STORY OF THE MONTH
Launching of MREPC Automation & Green Technology Fund
The Malaysian Rubber Export Promotional Council or MREPC recently launched its inaugural funding program to promote the adoption of automation and green technology in Malaysia’s rubber manufacturing sector. This are among the progressive steps taking by the Malaysian government to ensure the economic and environmental sustainability of our billion ringgit rubber industry.
The funding will address three key areas in rubber manufacturing sector; adoption of solar and biomass as sources of renewable energy, water conservation and recycling ; as well as deploying of automation technologies in production lines.
This funding initiative is also expected to generate economic multiplier effects, ranging from promoting new technologies and innovations in the domestic sectors of renewable energy, water conservation and automation; as well as to creating a vibrant industrial eco-system in sustainability and circular economy.
Circular Economy Conference & Mission
*Sourced from https://eeas.europa.eu
A two-day EU-ASEAN regional workshop on circular economy took place in Kuala Lumpur, Malaysia from 11-12 June 2019. The workshop, conducted back-to-back with the European Commission DG Environment Circular Economy Mission to Malaysia, emphasized the importance of collaboration between the EU and ASEAN towards a circular economy, and contributed to the EU-ASEAN High-Level Dialogue on Environment and Climate Change.
Plastic and its wastes has been identified as a key priority in the European Commission Action Plan on Circular Economy. If this industry is sufficiently facilitated and driven by enabling policy frameworks, it has the potential to solve its waste problem while bringing new opportunities for innovation, boost countries’ competitiveness, and create new jobs.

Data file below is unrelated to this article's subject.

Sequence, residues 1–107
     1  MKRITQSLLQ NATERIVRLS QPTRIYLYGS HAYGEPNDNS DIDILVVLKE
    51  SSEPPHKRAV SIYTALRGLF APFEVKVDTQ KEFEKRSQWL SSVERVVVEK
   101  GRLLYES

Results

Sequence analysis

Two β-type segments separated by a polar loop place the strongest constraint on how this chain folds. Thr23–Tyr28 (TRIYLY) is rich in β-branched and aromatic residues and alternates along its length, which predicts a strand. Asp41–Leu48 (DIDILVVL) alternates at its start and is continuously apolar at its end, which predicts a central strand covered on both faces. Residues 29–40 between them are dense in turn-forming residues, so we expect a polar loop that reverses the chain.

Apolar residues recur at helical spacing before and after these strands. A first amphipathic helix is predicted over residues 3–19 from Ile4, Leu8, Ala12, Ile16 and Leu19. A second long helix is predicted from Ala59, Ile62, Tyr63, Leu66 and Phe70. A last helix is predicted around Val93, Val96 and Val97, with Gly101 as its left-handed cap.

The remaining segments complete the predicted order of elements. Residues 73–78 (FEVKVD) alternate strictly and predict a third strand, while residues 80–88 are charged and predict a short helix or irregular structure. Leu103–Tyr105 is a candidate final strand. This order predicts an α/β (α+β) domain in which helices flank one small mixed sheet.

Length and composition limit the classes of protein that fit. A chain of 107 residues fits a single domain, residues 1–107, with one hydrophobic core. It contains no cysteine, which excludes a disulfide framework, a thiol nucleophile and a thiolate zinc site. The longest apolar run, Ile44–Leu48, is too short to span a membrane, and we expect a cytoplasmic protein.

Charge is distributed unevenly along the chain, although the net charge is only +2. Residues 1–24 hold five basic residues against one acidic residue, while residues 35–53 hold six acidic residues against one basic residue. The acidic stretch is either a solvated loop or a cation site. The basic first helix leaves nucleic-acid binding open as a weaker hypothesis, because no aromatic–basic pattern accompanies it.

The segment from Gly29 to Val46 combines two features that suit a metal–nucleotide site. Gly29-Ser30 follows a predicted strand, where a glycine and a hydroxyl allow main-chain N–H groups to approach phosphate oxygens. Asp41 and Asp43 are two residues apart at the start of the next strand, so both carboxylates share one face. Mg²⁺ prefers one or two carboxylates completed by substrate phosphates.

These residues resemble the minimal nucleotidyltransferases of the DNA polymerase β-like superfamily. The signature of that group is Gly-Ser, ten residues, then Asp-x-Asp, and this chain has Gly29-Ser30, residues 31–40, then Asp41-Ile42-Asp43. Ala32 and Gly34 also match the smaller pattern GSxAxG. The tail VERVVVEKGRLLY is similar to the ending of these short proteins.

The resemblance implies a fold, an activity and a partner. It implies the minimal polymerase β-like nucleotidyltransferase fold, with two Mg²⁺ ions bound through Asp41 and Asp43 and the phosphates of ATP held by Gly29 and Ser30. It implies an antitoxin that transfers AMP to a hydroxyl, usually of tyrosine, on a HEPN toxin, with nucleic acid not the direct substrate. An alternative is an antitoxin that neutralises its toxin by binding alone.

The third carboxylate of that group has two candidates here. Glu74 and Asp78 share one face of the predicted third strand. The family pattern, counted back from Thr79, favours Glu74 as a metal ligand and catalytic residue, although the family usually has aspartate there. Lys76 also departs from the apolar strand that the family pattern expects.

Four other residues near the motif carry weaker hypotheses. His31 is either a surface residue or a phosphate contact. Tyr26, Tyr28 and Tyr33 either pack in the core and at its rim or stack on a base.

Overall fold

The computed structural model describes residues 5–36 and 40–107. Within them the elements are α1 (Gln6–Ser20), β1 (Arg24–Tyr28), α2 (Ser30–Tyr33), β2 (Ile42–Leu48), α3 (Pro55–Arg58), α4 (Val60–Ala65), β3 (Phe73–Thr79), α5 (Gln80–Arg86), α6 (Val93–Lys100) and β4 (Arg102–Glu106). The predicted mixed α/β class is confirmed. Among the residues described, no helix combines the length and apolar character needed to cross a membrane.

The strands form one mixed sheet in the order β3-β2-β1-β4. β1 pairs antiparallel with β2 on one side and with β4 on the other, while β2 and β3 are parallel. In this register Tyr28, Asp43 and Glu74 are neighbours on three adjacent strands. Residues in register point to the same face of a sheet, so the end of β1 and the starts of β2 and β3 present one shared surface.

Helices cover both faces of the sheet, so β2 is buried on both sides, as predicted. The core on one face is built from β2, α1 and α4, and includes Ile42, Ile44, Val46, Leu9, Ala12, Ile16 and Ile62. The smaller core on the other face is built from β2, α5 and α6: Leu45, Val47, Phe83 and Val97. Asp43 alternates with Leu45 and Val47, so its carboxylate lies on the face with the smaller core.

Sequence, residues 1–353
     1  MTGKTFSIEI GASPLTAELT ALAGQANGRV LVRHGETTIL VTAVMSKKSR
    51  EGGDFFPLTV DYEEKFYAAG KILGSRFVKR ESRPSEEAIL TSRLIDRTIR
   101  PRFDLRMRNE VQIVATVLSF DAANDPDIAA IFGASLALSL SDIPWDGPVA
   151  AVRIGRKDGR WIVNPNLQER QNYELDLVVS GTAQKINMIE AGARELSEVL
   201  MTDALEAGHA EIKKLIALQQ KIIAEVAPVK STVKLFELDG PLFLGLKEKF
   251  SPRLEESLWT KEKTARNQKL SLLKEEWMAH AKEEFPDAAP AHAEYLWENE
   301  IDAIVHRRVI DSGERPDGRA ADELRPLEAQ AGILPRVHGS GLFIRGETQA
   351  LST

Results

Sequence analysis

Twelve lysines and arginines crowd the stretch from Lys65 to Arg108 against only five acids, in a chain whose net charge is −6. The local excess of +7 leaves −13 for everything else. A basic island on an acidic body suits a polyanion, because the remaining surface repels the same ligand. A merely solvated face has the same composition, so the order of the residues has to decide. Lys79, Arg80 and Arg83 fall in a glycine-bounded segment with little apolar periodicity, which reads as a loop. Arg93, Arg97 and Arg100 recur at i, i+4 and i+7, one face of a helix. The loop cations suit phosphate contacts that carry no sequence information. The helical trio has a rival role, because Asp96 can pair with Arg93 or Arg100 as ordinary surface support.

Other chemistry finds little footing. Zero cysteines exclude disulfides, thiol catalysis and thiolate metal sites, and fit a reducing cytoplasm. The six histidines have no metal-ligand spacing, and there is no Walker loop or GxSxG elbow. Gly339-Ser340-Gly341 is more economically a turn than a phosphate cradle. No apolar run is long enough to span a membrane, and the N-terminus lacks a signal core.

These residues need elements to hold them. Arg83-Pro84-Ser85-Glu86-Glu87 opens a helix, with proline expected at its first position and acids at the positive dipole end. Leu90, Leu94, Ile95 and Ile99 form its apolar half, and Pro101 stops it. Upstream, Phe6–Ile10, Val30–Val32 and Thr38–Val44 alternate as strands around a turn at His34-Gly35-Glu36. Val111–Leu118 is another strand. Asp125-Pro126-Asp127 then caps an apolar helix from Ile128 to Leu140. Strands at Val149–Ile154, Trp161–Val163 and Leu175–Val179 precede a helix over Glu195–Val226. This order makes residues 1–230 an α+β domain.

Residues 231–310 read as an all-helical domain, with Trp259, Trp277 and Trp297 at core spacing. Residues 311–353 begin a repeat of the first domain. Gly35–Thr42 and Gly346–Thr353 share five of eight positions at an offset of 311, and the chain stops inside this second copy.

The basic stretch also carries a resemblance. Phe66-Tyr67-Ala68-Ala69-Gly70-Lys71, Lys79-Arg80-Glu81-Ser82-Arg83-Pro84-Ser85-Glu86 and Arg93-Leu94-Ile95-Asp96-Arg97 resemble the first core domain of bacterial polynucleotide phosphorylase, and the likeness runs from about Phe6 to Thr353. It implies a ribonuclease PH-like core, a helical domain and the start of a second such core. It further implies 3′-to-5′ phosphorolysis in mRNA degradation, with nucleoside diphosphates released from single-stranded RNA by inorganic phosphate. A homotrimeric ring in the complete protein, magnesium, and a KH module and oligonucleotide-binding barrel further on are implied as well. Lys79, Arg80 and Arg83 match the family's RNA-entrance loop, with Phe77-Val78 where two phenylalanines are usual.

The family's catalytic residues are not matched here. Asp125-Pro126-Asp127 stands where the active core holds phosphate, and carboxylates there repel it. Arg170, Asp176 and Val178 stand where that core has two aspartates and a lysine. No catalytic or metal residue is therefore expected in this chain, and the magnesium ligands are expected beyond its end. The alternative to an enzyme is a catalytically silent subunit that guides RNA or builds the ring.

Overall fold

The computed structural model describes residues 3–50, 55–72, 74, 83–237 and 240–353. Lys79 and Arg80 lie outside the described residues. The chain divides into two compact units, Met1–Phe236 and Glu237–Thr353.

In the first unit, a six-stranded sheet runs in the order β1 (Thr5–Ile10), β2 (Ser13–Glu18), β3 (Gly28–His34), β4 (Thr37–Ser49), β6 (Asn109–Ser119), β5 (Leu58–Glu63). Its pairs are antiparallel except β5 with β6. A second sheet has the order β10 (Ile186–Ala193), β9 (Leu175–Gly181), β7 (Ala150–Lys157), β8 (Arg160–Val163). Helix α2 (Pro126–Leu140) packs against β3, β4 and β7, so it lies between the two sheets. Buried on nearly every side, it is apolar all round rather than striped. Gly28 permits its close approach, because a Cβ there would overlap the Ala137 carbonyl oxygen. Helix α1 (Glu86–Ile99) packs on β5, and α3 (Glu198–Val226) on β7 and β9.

In the context of Malaysia, the concept of Circular Economy is gradually making its mark at the national level, in line with new policies and initiatives from the Malaysian government such as our "Roadmap Towards Zero-Single-Use-Plastics 2018-2030".
Read up more about the event here
Circular economy is a relatively new concept on how new and innovative business models can be implemented to decouple economic growth from the constraints of Earth’s limited resources and the negative environmental impacts from its exploitation; ranging from pollution of land, sea and air, climate change, loss of biodiversity and the over-use of natural resources.
Since the early days of human civilization where our forefathers mined the Earth for coal, oil and minerals for resources to generate energy, fertilize crops and build dwellings; our global economy has been running on the ‘linear economy’ mode where resources are mined, processed, used and finally discarded back to the environment as wastes.